Don’t check your briefcase or laptop bag with the luggage. Stuff happens. Bags disappear—usually not permanently, but long enough to make you wish you had them. While there’s not a whole lot that you can do if it does happen, you can at least be confident that your computer and other work essentials are close at hand. Don’t be tempted to tuck that stack of folders in with your suitcase. If there’s a baggage mishap, you can probably handle business in yesterday’s clothes, but not without your files. I wear business causal attire when I travel, since I have presented in my travel clothes before, but audiences are very understanding.

Have a plan. You’ll usually have a pretty good idea of how much downtime you’ll have during your trip. Before you leave, set some goals. How long is the flight each way? How long will you be alone in your hotel room in the evening? Know what you want to accomplish during various parts of your trip. It isn’t set in stone, just a guide. When you sit down in that airplane seat, you should know exactly what to do next. Maybe there’s a report you want to read or a proposal you want to write. Whatever it is, be ready to dive right in.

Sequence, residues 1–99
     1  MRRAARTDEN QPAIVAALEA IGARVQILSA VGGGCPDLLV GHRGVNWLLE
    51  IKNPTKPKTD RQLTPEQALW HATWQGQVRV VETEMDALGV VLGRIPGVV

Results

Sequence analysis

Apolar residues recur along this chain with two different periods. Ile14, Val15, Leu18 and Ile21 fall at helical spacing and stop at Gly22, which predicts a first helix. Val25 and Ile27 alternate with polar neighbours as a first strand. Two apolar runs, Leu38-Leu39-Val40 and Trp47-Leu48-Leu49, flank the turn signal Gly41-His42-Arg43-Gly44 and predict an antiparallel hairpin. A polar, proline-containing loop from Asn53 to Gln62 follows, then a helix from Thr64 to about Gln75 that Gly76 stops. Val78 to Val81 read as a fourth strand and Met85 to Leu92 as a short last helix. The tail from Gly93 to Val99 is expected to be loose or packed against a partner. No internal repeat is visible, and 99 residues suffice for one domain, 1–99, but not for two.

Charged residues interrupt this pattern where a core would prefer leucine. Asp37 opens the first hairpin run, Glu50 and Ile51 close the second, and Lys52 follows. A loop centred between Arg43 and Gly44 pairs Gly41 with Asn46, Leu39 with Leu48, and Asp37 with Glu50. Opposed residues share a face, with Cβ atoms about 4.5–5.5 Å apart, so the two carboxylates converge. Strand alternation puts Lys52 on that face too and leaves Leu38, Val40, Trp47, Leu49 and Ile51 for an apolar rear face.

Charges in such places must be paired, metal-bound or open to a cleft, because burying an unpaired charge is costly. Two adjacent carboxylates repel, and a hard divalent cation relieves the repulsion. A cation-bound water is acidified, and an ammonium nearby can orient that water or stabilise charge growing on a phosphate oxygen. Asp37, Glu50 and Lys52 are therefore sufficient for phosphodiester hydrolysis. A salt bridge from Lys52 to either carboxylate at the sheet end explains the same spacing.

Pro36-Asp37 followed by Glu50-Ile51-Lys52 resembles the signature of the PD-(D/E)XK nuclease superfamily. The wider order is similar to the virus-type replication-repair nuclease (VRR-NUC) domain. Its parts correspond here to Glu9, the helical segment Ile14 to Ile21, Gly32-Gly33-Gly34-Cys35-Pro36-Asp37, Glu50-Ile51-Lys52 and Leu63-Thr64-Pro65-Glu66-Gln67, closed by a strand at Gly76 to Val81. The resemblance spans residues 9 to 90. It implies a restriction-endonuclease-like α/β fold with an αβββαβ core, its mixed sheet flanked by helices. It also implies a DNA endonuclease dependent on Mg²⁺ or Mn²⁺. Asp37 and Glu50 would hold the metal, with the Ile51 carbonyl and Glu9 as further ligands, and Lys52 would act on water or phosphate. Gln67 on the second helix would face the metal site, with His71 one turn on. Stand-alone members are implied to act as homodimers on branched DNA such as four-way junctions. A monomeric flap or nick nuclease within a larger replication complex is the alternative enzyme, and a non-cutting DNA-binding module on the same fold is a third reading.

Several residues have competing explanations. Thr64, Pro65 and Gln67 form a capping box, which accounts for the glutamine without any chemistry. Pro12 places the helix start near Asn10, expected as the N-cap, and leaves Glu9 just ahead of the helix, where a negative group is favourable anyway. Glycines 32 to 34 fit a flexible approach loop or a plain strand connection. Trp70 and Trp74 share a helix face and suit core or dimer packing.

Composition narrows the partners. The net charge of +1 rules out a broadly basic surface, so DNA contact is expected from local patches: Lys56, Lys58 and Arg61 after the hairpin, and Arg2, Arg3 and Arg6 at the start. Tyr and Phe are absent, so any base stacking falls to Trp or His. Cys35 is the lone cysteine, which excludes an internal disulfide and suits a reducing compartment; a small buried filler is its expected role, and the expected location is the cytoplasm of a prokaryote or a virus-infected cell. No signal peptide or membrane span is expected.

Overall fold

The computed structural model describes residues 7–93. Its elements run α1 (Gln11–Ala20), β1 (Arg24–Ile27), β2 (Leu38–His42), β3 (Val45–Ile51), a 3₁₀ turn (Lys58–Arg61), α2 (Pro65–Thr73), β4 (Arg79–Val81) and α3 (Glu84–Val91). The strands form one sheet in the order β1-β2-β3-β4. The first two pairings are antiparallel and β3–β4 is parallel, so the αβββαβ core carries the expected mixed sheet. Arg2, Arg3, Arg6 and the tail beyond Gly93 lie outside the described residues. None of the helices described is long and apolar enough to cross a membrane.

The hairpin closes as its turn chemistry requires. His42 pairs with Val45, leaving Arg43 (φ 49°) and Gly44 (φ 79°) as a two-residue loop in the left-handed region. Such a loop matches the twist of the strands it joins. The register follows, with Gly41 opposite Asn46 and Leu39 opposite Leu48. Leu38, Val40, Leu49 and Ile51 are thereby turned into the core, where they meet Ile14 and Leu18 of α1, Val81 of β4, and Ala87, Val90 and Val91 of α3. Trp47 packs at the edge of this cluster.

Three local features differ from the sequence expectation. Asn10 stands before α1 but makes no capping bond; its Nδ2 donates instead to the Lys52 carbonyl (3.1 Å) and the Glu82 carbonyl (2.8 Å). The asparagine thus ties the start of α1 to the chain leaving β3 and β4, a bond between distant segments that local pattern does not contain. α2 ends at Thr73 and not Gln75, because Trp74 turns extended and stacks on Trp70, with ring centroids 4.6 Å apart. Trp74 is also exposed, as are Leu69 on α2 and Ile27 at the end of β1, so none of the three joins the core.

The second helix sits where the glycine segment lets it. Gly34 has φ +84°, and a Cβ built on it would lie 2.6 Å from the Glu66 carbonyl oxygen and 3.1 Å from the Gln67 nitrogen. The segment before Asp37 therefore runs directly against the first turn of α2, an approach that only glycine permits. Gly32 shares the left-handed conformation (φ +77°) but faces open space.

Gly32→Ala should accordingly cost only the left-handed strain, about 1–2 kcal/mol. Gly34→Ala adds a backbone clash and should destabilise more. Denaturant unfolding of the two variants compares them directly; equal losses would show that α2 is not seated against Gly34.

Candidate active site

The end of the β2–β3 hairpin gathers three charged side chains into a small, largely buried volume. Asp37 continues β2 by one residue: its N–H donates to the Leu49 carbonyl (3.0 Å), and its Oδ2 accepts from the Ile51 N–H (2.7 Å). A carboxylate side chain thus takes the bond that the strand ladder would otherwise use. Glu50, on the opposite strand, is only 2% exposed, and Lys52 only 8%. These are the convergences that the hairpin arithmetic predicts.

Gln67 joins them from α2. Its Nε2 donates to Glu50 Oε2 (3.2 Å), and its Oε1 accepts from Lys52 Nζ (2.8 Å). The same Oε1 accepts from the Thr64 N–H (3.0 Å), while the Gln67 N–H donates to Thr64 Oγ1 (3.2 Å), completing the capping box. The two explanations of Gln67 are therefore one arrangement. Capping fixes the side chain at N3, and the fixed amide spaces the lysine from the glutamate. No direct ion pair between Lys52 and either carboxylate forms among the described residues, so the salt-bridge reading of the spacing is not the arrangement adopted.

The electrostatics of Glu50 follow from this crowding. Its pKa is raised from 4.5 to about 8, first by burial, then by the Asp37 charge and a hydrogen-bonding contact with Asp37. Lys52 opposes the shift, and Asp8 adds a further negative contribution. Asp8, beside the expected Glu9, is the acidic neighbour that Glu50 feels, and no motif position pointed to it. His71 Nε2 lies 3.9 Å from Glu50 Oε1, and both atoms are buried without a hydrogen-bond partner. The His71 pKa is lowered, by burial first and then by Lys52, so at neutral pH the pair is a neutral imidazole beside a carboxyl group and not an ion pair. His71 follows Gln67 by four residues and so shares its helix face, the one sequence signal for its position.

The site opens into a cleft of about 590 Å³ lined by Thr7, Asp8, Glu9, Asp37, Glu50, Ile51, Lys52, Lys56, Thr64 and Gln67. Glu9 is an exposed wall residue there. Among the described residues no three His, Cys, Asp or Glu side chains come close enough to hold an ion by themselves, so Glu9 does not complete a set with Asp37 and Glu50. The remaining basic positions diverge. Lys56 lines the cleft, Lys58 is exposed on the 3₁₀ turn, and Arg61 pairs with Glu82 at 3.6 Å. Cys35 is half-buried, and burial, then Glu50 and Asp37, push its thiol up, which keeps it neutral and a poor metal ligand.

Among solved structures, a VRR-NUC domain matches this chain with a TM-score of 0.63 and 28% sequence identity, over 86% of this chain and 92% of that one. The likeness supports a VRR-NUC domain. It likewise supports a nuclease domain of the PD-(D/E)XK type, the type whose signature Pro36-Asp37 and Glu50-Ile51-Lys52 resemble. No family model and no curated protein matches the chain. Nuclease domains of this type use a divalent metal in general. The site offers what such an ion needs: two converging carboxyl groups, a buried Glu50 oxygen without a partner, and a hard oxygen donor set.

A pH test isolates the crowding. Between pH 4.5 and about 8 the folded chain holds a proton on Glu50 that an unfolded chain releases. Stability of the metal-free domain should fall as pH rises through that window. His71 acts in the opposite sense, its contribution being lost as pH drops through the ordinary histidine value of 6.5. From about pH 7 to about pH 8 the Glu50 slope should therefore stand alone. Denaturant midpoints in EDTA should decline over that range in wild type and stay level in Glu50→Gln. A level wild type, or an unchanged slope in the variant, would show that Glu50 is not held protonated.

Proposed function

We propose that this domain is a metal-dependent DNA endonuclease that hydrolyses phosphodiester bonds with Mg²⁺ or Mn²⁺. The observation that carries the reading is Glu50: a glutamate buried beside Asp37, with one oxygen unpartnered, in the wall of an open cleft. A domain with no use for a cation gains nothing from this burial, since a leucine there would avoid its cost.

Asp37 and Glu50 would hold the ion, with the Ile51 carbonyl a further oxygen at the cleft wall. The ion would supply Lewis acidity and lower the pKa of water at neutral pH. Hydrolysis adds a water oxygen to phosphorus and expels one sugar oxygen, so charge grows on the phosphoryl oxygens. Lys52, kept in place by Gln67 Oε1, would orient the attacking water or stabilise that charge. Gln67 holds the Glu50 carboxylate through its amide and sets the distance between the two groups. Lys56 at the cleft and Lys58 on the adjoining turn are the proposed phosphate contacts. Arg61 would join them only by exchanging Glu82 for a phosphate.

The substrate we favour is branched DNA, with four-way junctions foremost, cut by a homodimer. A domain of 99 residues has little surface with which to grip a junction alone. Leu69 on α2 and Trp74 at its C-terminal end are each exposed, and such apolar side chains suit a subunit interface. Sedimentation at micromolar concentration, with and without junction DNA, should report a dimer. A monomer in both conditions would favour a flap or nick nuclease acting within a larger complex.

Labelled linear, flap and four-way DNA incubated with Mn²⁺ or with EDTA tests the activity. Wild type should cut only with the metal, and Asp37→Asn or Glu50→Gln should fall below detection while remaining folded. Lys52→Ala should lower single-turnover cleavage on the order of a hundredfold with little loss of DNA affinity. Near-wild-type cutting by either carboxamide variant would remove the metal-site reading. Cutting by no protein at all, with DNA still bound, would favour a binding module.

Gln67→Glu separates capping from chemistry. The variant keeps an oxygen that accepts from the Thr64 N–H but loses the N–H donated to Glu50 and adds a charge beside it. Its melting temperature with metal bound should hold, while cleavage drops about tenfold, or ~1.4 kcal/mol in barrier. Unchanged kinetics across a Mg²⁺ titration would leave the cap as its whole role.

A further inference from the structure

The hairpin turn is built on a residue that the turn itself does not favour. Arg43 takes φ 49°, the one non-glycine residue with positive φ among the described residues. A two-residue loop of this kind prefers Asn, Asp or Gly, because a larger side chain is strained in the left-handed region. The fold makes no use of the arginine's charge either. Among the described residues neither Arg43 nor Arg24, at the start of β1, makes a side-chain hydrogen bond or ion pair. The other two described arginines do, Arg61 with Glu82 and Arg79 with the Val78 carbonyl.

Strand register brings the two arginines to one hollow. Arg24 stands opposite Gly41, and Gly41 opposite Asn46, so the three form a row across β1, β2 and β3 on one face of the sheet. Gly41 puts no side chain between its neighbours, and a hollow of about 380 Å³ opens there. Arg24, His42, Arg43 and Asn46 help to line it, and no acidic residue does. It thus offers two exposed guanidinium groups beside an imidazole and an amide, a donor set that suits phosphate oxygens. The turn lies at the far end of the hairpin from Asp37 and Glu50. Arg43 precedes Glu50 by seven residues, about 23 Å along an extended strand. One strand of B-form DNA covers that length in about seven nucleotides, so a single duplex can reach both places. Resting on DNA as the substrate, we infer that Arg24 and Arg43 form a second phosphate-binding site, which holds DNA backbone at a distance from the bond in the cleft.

Embrace the smart phone (in moderation). You don’t need to become a full-fledged Crackberry addict to enjoy the benefits of a smart phone. It shouldn’t hijack your life, but it can be a useful tool while you’re riding in a taxi or sitting at the gate. Use your downtime to keep up with e-mail. It is a good feeling to know that your e-mail isn’t piling up while you’re away. A smart phone can also help you stay on top of things back at the office without having to play phone tag and leave voicemails all over the place.